*Nov 6 02:19:47.291: LISP-0: ALTroute IID 0 prefix 192.168.2.0/24 <-> add source MS-EID.
*Nov 6 02:19:47.291: LISP-0: ALTroute IID 0 prefix 192.168.2.0/24 <MS-EID> RIBroute ignore create, no ALT RIB.
There’s a lot of detail here and some pieces of LISP that we haven’t yet explored but it’s fairly apparent from this debug that the registration of the LISP site ‘siteb’ was successful. This can be confirmed by checking the lisp sites on the mapserver router again…
Testing LISP between sites
Now that we’ve configured LISP, it’s time to test it out. Let’s try pinging from site A to site B to see what we get…
As you can see, it took the router a couple seconds, but eventually the pings went through. The delay was due to the LISP lookup that occurred between lisp1 and mapserver. If we take a look at both of the xTRs, we can see that they both have a valid map-cache entry for the the other router’s EID space…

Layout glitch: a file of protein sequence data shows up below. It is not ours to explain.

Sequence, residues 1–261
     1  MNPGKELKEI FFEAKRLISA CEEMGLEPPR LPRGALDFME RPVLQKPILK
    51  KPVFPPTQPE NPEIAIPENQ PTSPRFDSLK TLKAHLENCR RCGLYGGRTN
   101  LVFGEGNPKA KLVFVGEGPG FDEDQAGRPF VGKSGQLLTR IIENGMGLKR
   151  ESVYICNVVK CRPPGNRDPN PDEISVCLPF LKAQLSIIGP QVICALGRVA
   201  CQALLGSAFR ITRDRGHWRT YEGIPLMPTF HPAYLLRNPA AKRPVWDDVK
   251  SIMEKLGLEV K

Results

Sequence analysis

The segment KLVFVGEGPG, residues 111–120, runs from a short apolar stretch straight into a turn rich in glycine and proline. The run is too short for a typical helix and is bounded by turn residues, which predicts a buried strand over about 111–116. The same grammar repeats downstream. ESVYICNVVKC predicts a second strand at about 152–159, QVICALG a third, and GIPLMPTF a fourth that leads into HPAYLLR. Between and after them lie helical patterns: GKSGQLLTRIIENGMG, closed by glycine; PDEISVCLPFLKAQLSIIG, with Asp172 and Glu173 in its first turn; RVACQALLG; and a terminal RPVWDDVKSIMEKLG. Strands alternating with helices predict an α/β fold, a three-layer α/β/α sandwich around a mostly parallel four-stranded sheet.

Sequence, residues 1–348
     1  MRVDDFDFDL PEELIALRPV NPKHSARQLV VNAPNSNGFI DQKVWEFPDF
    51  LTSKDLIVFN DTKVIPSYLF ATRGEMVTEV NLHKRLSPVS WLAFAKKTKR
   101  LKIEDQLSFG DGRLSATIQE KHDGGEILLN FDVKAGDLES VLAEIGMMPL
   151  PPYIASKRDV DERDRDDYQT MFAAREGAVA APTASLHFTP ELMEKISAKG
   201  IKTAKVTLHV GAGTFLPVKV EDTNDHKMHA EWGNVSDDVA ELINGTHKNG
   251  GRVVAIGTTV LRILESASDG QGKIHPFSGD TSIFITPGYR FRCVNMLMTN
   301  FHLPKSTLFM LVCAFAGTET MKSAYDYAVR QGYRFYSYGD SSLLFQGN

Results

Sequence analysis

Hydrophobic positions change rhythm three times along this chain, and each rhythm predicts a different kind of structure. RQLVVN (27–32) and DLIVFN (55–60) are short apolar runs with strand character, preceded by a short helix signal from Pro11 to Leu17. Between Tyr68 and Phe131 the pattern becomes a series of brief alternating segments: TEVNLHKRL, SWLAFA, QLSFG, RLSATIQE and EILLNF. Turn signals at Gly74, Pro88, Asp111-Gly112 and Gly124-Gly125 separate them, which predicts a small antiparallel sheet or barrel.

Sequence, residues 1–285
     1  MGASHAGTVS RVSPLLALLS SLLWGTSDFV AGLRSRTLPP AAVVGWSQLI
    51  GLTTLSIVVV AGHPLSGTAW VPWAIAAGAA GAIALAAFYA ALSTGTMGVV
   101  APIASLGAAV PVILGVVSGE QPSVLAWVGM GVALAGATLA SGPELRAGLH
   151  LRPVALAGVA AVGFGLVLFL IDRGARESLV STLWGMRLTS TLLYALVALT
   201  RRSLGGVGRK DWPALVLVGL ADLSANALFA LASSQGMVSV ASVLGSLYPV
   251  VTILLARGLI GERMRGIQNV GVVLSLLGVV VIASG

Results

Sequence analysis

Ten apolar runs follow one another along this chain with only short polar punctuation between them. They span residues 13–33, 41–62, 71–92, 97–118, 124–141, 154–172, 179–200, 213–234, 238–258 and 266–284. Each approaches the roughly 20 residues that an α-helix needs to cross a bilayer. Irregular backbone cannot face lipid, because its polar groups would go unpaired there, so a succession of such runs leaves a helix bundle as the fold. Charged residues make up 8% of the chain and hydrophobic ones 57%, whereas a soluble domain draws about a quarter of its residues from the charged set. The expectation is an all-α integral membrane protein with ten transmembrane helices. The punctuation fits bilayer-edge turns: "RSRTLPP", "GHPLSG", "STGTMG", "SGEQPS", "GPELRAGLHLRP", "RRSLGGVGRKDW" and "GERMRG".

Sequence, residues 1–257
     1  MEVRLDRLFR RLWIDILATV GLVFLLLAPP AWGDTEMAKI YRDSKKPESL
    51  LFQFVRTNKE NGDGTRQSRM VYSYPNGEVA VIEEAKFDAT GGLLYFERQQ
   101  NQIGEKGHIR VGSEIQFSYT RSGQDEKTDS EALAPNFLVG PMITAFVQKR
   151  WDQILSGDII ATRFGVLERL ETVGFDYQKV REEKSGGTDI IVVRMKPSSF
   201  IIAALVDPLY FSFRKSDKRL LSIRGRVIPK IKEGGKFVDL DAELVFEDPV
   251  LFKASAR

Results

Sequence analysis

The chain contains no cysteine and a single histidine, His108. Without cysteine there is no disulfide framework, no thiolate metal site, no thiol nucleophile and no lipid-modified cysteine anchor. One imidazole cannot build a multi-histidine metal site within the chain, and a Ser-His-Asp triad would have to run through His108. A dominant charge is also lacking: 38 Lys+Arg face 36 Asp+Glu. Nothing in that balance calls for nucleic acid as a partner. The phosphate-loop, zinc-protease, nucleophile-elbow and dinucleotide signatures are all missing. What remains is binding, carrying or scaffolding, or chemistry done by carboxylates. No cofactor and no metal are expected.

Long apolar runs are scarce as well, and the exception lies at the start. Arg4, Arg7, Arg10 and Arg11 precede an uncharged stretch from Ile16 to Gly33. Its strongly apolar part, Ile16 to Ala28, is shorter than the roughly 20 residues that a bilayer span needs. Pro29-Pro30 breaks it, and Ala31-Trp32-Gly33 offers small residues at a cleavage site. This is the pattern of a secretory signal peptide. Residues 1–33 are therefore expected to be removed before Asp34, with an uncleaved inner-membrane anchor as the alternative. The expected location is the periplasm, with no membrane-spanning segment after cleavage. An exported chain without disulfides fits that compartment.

I don’t want us to get caught up in the specifics (AKA, I’m not going to walk through the router debugs or packet captures in this post) but I do want to talk a little bit about the forwarding decision on LISP enabled routers before we wrap this post up.
As we saw, the LISP enabled router populates it’s local map-cache with responses it receives from map resolvers and other ETRs. However, those entries don’t appear when you look at the routing table the way most engineers do. For instance, let’s look at the forwarding table on router lisp1…
As you’ve probably noticed, there isn’t a forwarding entry for the 192.168.2.0/24 network. However, if we take a look at CEF…